It should probably come as no surprise that this recipe is a bit of a retro. My mother and I have been making variations of this creamy chicken recipe for about 30 years, and its origins probably go back even farther. Canned goods became a staple of cooking in the 1950s, and they influenced foods for a long, long time. While some things haven’t survived the test of time, using canned cream soups in cooking to produce fast and easy sauces that dishes are baked in has.
I don’t actually remember the original name of this recipe. It was probably something generic like “Chicken Delight” or “Creamy Chicken Supreme.” I do remember we discovered it in a cookbook that was decorated with characters from Precious Moments.
The original recipe called for bacon and ham-wrapped chicken breasts oven-baked in a sauce of cream of chicken soup and sour cream, served with egg noodles (I think). It was a great tasting staple recipe, and it lent itself well to variation.
We both liked doubling the sauce recipe. MomRetro eventually liked to cube the chicken in a casserole and mix the whole thing in the cooked noodles so that they’d have a chance to absorb some of the sauce.
Me, I ended up adapting the recipe for the crock pot – the better to keep the kitchen cool, m’dear. And that’s why this recipe was the perfect choice for the long weekend – we went outside, did yard work (I’m a super exciting person, I know, but I like to chill), enjoyed the nice weather, and had a hot meal waiting for us when we came in hungry.
Sometimes I make the crock pot version over onions, potatoes and carrots as a whole meal, sometimes I do the chicken alone so I can serve it with rice and a side salad, as I did this most recent version.
(One pot Creamy Crockpot Chicken – my recipe at Life In Pleasantville)
The base sauce is essentially the same from variation to variation: 1/2 cup of sour cream to 1 can of cream of chicken soup, and you can spice it up as you please. I like to add a pinch of dried thyme and sometimes wine (not in the original recipe), and often a splash of soy sauce to replace the umami that I believe was originally created by powdered onion soup mix, something that I stopped using so much of.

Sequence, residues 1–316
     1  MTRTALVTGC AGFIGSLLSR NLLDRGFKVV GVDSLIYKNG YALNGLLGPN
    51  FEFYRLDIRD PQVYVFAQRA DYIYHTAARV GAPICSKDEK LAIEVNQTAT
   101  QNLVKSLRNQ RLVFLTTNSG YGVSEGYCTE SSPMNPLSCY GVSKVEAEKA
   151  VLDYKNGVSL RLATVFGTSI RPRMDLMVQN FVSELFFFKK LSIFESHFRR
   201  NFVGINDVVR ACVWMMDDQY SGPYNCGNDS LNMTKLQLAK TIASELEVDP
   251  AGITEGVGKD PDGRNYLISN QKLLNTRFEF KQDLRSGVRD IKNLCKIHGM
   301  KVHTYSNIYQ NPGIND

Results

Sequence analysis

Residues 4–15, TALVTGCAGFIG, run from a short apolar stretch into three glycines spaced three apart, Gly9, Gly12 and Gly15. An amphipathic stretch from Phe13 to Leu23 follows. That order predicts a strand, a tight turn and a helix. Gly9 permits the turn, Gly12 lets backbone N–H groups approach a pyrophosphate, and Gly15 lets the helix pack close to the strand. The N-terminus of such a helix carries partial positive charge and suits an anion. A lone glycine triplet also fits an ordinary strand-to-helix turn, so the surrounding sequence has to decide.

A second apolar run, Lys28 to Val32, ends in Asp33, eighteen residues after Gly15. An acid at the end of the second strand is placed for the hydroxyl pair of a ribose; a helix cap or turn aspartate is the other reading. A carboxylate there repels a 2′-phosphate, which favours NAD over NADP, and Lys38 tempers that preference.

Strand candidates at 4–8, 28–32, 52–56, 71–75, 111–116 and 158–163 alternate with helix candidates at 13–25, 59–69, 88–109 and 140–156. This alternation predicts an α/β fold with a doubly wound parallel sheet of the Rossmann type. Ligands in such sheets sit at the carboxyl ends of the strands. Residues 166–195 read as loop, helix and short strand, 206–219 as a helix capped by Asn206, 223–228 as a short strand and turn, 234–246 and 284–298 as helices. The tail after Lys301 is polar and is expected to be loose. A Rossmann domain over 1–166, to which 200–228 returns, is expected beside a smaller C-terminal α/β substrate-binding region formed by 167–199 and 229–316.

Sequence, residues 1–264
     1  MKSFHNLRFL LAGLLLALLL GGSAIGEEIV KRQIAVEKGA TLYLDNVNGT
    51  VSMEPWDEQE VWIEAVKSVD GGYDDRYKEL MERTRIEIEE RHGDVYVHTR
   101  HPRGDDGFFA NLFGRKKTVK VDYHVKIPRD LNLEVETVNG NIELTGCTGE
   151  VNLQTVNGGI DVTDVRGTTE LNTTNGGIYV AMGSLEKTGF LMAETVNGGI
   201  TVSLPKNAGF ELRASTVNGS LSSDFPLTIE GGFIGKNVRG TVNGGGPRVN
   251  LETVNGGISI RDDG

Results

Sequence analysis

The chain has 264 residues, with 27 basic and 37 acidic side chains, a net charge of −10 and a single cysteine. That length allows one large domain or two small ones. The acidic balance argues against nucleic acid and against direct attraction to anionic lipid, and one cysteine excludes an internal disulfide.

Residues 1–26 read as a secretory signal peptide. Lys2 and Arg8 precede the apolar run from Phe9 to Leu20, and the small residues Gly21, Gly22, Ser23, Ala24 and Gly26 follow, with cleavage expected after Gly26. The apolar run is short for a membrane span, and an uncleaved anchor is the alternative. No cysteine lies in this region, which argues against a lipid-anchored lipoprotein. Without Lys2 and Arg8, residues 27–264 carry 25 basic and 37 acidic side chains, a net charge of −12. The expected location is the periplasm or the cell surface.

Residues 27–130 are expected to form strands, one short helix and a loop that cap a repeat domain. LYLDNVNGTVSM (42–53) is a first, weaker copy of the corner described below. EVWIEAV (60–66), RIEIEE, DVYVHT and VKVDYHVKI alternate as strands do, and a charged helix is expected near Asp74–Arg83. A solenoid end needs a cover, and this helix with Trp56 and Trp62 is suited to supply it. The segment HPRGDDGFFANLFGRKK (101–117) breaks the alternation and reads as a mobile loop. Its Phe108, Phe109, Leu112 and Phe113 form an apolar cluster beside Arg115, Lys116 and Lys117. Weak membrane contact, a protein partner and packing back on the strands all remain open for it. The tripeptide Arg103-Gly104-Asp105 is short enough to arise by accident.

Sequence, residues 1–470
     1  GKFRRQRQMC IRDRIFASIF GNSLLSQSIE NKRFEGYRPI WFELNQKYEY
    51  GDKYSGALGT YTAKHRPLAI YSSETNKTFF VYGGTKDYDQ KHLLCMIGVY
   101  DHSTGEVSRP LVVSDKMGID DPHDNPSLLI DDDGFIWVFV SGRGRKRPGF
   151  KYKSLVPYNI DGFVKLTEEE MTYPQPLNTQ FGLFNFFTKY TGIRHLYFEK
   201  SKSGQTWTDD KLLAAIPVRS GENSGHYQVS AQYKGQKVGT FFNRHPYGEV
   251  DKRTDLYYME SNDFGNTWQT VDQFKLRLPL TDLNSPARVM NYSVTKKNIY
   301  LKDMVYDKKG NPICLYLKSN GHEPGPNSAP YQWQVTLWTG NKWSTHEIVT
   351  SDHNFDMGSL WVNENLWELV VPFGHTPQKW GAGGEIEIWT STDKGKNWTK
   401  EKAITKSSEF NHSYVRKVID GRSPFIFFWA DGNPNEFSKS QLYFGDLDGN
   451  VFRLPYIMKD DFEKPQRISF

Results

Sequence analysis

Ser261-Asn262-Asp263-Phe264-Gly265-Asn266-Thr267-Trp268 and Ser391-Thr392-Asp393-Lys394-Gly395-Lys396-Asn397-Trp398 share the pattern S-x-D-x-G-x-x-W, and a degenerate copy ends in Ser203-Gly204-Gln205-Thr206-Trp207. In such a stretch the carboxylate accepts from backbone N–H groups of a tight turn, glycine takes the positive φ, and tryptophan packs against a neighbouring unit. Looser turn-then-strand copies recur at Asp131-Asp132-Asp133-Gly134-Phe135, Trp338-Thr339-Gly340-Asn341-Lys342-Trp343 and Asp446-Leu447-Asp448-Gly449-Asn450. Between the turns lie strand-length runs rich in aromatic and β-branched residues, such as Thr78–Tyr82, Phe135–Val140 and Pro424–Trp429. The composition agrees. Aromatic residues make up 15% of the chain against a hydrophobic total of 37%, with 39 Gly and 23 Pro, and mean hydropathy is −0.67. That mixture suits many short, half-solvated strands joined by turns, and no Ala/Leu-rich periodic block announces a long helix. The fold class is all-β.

Use the bacon, or don’t. My mom and I both dropped the ham from the recipe, but use it if you want a creamy cordon-bleu type chicken. Cube the chicken, or don’t. It won’t affect the cooking time by more than a few minutes. Make the chicken alone or add vegetables for a one pot dish that you can set and forget. Make it in the crock pot for 5 hours on high (add an hour if you’ve used a lot of veggies in the bottom of the crockpot), or bake it in a casserole dish in the oven for 45 min to an hour at 350F.
- 1 can cream of chicken soup
- 1/2 cup sour cream
- 1 tablespoon soy sauce
- 1/4 tsp garlic powder
- 1/4 tsp onion powder
- Dash of pepper
- 4 boneless skinless chicken breasts
- 4 strips of bacon, half cooked (optional)
- Combine all the sauce ingredients in a bowl.
- Wrap chicken breasts with bacon and secure with a toothpick.
- Spread a thin layer of sauce in the bottom of the crock pot. Lay the chicken breasts flat in the bottom of the crock pot, top with remaining sauce, and bake for 5-6 hours on high or until chicken breasts are cooked through.
- Serve with your favourite sides.
- Prepare sauce, preheat oven to 350F.
- Spread a thin layer of sauce in the bottom of a casserole dish. Lay the prepped chicken breasts flat in the casserole dish, cover them with the remaining sauce, and bake 45 minutes to 1 hour, until chicken is cooked through and sauce is bubbly in the center of the dish.
- Double the sauce if making 6 chicken breasts.
In short it’s a recipe you can’t really go wrong with, and you’ll probably find it will linger in your repertoire as an easy-fix. Of course, like many of these really tasty comfort food recipes, it’s not exceptionally pretty.
But one of our favourite sayings growing up was it all looks the same in the end! It’s how it tastes that really matters… and the taste is divine.
One note about the sour cream you use: the higher the fat content of the sour cream, the thicker it is.
My home brand for cooking with is Gay Lea’s Sour Cream, and I like using the regular, which is thick and perfect for sauces. Gay Lea’s Sour Cream is also available in low-fat, no-fat, and lactose free versions, and while they work fine, if you’re adding much in the way of liquid to the sauce, such as wine, you should opt for regular full-fat sour cream to keep the end sauce from being too runny.
Happy summer to you, my readers!
Disclosure: I am part of the Gay Lea Ambassador Campaign and I receive special perks as part of my affiliation with this group. The opinions on this blog are my own.